Are organizers and activists today running on a hamster wheel?  Or are we engaging in the long hard work that happens during the decades before a major social movement gains force?  

Are we in “a moment”? What moment are we in?  Does it matter?           

As a group, we grappled with where we see ourselves historically in terms of a movement for racial justice.  There was general agreement that something important is happening, with mass uprisings in response to police violence gaining national media attention (albeit skewed), “Black Lives Matter” entering the national lexicon, and local organizers coming together in ways they haven’t before.  But, are we on the brink of a watershed moment that will lead to large scale political change? 

As our time came to a close, this is the question with which we grappled. 

One group member shared her memories of the response to the events surrounding Rodney King and the insight that it will be a good sign when the protests are in response to the violence and not in response to the non-indictments and acquittals.  Until there’s mass movement in response to the police violence, it shows that there is still a level of trust in the system. Right now, the movement is showing the Black deaths matter, she said, but there needs to be a shift towards truly valuing Black lives.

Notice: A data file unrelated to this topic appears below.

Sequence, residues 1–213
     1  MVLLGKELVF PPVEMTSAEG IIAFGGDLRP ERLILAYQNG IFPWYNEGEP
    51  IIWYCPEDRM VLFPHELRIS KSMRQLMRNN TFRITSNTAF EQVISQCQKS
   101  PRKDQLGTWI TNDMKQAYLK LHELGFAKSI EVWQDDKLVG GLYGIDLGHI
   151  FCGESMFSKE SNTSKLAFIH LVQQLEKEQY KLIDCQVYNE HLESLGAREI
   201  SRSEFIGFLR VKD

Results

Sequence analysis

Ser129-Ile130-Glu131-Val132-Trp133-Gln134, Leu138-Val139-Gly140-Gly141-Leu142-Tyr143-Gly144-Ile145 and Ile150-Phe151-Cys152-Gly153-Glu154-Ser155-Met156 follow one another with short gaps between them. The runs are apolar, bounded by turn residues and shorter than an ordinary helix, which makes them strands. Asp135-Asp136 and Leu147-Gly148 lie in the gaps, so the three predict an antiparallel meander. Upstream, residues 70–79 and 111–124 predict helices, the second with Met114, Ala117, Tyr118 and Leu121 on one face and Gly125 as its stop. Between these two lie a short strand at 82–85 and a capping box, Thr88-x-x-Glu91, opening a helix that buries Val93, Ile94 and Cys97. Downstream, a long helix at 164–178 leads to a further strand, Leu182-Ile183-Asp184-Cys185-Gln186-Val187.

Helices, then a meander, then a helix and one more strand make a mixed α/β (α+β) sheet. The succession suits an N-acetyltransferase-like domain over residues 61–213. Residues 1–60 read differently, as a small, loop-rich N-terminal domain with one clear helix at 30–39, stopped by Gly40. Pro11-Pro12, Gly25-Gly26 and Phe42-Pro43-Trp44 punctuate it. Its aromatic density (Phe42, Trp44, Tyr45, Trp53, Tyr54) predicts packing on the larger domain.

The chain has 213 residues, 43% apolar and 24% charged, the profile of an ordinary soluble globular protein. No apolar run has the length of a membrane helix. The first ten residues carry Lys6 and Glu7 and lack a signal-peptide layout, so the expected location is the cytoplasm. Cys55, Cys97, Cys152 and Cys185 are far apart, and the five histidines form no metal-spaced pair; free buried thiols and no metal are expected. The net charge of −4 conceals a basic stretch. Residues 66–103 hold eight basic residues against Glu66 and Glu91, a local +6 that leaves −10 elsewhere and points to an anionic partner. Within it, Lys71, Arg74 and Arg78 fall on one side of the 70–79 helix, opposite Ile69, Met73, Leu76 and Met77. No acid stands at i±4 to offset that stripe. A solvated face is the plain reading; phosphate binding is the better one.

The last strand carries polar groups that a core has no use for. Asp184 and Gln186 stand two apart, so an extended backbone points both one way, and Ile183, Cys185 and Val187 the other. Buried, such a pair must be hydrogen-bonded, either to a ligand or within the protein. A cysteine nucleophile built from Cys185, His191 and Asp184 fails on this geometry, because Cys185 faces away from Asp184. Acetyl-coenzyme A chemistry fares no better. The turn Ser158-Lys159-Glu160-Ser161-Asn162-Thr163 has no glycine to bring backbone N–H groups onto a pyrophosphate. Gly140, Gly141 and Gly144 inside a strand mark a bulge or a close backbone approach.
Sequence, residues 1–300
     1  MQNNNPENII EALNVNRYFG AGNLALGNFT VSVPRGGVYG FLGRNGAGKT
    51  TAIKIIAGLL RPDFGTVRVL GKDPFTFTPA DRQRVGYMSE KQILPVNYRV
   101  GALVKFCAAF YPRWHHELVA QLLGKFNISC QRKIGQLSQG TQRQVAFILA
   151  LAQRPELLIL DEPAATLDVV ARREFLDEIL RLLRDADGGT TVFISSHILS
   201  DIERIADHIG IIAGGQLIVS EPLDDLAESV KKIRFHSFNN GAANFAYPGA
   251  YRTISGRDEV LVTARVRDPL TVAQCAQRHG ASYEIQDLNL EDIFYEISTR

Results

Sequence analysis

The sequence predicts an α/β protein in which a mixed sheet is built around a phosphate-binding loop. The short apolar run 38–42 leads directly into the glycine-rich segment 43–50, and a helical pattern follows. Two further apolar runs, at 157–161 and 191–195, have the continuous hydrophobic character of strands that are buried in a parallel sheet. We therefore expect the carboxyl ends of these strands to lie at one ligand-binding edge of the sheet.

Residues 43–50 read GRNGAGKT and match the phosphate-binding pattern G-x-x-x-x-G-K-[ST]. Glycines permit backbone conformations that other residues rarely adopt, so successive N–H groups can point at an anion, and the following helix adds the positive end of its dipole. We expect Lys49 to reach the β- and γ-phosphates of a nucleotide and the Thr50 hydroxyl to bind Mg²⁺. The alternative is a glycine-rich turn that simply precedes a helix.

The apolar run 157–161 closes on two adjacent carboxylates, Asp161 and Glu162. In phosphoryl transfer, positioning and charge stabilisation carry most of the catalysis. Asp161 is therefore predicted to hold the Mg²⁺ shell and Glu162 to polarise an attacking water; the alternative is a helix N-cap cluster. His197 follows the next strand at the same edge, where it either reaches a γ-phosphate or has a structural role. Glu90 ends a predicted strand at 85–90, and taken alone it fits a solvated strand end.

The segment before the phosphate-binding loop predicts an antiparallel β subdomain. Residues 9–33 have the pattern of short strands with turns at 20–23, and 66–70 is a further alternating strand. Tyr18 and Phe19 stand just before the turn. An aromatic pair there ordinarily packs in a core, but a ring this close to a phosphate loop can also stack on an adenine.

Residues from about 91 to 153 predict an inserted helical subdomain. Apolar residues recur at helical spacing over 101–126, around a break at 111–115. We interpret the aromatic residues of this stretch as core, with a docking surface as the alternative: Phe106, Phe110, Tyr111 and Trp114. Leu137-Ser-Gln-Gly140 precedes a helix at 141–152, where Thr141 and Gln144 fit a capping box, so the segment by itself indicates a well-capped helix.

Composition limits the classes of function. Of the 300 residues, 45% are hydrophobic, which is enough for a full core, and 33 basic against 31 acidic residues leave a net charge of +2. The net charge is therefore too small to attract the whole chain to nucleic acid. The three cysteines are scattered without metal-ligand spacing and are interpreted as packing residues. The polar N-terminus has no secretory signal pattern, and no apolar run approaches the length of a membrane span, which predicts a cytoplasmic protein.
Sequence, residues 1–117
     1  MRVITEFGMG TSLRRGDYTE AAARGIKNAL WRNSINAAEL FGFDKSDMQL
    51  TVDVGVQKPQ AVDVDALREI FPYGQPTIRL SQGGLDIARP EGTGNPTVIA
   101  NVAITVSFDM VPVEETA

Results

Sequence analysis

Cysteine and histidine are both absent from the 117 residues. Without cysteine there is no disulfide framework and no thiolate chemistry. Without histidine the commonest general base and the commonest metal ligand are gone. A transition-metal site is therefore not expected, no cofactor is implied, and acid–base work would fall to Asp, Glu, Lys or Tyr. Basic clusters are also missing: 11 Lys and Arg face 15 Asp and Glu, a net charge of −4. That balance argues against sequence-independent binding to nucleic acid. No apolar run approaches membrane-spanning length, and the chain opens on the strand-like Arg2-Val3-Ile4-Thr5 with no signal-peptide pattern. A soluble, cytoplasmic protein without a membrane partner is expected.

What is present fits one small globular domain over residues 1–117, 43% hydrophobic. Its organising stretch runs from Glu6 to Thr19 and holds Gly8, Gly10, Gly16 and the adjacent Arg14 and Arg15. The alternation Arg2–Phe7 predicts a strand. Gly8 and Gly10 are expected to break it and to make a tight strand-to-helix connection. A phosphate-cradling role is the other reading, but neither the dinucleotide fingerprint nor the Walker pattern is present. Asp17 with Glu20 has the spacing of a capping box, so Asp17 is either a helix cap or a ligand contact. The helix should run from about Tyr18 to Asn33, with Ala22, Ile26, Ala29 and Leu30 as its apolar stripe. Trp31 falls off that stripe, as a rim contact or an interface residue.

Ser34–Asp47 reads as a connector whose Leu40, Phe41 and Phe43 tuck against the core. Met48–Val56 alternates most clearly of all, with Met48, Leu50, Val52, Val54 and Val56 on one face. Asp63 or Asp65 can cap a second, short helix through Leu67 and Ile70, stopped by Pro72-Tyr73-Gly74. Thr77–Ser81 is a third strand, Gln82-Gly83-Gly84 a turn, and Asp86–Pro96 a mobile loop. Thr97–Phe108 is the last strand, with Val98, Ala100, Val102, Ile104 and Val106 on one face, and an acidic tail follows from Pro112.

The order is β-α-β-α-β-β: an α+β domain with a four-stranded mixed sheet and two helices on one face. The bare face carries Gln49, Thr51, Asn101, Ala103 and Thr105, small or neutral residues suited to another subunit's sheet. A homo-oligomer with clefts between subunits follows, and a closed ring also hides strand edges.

As I left, I thought about the response to the killing of Freddie Gray and felt some degree of hope.

And in the days since our discussion, I’ve reflected on the work of the Caucus of Working Educators (WE) over the past year and become excited by the parallels that I’ve seen between Baker’s work and the work of WE:  Building relationships.  Growing local leaders.  Responding to the immediate needs of the people.  Problem solving around community problems, rather than collecting membership dues.  Building relationships by talking to each other. This is the stuff of a movement.  And this is the moment that we’re in.     
Links to resources that came up in our discussion: 

Showing Up for Racial Justice (organization):
Through community organizing, mobilizing and education, SURJ moves White people to act as part of a multi-racial majority for justice with passion and accountability.